Bewilderment, Richard Powers, author; Edoardo Ballerini, narrator The novel is about the Byrne family, Alyssa, Theodore and Robin. Alyssa is quite intense. She is an environmental activist. Theodore is an astrobiologist. Robin, their son, is an exceptional child. He questions everything and is a deep thinker, often making astute judgments. At nine, he has already decided to be a vegan. He is very concerned about the environment and animals, like his mother. Robin, however, is also a troubled child. He has difficulty controlling his feelings. He has been diagnosed as being on the autism spectrum, with obsessive traits, and there are hints that there may be other types of mental illness in the family as one mother supposedly had multiple personalities. When Alyssa and Theodore were contacted by her friend, a Dr. Currier, who is conducting a study of the brain, she and Theodore agree to participate. They had no idea that this study would ultimately change their lives. Raising Robin, after Alyssa’s sudden death in an accident, was very difficult for Theo. Robin had been very close to his mother. Although he used certain techniques to avoid his mood swings and meltdowns, they were sometimes unavoidable. Robin had no filter and often said and did awkward things. Because of his lack of social skills, and because he was small, he was the target of bullies at school. Also, he only liked certain subjects. As a result, he does not really like school. Doctors and the school wanted to have him medicated, but the Byrnes had always refused. Instead, they had actively parented him and guided him, teaching him how to deal with his emotions, as they gave him needed skills to manage his moods. Theo struggled to raise Robin. He used fantasy to distract him and told him about imaginary planets which they imagined they explored or inhabited. When Dr. Currier suddenly contacted Theo again to ask if he could conduct a brain study on Robin, to see if they could help him by retraining his brain, Theo reluctantly agreed. After a few MRI treatments that examined his reactions, he actually showed improvement. Collier then asked Theo if he could try to sync Robin’s brain with Alyssa’s, during a particular period of the study when she was ecstatic. Theo, consulted Robin, and once again, he agreed. Often, Theo appeared to be the child, and Robbie, showing extraordinary judgment, made the adult decisions. With the new therapy, Robin further improved. He seemed able to commune with Alyssa, and the other spirits he said were in his head. He believed they were guiding him. He was happier and did better in school. At age 9, Robin became a real animal activist. He wanted to raise money for endangered species but was horrified when he learned that all of the money did not go to the cause! When the brain study and the treatments were suddenly discontinued because of politics and funding, things went downhill for Robin, very quickly, and he began to withdraw and lose interest in everything. Once again, he had meltdowns that were sometimes violent, especially when animals suffered in any way or when his questions were not answered the way he wanted them to be. Without the therapy, he was failing. He was helpless to stop his downward progression and he was aware of it. Finally, to try and help Robin, Theo decided to take him on another trip to the place he had honeymooned with Alyssa. The first trip had been a positive experience, so he decided that they would go there to have a real scavenger hunt to search for things in nature. That appealed to the environmentalist in Robin, and he seemed to show some interest. Theo hoped that he could rebuild Robin’s confidence, calm him down, and fortify his mental state. However, when Robin witnessed the destruction of the environment there, he became very upset. He wanted to start cleaning it up immediately, without regard for the freezing temperatures. This forced Theo to face his worst nightmare. Using the experiences of this family, Powers seemed inclined to shine a light on all of earth’s problems, the unrest and riots, the corrupt elections and authoritarian Presidents, rules that limited speech, climate change that caused floods and storms, civil disobedience and assaults on the government, waning national security, deteriorating international relationships, and more importantly, the immediate need to make environmental changes to save the country and its people. He illustrated the corruption of government officials as they made foolish decisions to benefit political causes, rather than humanity’s causes, canceling vital projects, ultimately causing harm to the country. He illustrated the greed and selfishness that prevented the politicians and the citizens from doing what was right as they feathered their own nests. He pointed out the inability of our school systems and social services to handle children with disabilities. He pointed out the failures of education and the benefits of home schooling. He showed the consequences of political decisions that tragically caused shortages and disease to loom on the horizon. The book focused on our behavior as we caused the destruction of our world. Would it or could it be reversed? He even demonstrated the corruption of the police and the media, intent on headlines without regard for the consequences of their actions. At times, it seemed that the author leaned left, and his assumptions, sometimes colored by his personal politics, appeared to be blind to those who were really bringing the country to the edge of the abyss, as he often seemed to be accusing, symbolically and subtly, the wrong side of being the enemy he described. The offenses were often carried out by the left, but they were attributed to the right, or vice versa. Occasionally, the flashbacks were confusing. However, the novel was creative and the science seemed well researched. The overriding political themes were sometimes distracting. The story is a fantasy which required the reader to suspend disbelief, but some of the people and situations resembled well known people and real events. The author raised the most important issues facing society, issues that were and continue to be very real, although he used imaginary details. Positively, I would be remiss if I didn’t recognize the superb narrator who managed to give each character a distinct voice. The child and the world were both troubled. Would either be helped by the messages of this book?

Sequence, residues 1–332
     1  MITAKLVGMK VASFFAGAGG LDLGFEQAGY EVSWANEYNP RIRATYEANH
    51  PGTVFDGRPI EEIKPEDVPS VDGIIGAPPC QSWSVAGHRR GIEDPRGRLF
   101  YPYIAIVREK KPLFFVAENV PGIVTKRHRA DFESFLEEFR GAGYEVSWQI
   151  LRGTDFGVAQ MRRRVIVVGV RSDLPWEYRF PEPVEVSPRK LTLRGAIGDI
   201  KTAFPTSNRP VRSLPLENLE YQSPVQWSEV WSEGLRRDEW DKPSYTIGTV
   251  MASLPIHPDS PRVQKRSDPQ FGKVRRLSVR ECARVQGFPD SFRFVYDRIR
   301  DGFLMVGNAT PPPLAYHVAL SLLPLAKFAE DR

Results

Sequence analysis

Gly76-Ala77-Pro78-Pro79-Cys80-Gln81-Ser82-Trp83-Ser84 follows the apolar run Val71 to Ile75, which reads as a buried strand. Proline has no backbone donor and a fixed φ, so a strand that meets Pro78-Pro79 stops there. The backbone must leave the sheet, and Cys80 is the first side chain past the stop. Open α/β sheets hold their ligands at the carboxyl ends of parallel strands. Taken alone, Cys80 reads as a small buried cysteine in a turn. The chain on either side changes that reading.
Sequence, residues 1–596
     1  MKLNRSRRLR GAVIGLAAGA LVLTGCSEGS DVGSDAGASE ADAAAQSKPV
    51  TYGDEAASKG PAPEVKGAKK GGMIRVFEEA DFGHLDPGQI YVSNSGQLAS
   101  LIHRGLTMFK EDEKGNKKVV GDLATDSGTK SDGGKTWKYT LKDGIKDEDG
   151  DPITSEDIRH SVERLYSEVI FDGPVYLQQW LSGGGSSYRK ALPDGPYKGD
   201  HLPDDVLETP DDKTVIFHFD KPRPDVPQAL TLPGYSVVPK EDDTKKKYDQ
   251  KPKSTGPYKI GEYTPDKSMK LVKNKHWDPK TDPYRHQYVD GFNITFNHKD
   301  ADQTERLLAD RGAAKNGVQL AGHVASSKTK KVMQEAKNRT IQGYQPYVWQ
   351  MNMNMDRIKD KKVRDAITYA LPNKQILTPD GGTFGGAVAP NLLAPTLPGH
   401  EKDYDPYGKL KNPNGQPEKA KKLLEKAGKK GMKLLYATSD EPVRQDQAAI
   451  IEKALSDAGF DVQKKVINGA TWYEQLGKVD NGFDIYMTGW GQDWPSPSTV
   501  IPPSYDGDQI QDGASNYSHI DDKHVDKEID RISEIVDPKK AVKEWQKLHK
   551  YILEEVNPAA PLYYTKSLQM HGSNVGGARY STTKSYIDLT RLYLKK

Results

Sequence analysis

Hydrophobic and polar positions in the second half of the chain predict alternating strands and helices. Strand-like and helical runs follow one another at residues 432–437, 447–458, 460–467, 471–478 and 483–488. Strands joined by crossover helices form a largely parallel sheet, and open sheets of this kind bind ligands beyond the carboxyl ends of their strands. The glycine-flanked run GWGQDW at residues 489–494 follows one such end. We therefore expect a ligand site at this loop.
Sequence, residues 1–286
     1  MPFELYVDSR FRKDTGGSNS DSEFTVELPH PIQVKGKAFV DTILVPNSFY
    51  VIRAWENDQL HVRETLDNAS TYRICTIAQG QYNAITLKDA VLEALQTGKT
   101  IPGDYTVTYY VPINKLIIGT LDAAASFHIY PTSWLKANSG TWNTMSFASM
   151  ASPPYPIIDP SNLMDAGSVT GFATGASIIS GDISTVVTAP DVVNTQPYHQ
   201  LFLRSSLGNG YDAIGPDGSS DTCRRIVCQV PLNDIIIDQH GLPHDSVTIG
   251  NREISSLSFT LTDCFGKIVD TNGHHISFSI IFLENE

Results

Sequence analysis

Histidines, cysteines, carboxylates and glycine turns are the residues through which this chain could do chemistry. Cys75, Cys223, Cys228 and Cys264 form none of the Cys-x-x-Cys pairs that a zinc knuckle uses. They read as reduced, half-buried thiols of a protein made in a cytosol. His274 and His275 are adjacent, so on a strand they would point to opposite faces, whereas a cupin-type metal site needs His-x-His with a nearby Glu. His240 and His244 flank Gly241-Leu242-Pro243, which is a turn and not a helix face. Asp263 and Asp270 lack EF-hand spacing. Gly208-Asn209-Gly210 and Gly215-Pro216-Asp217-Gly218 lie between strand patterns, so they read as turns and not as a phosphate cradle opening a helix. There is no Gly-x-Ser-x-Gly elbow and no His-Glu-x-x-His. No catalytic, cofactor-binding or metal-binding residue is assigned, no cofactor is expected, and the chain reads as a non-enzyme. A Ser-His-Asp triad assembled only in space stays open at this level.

"" by [email protected] (see profile) 10/27/21

  "" by [email protected] (see profile) 11/01/21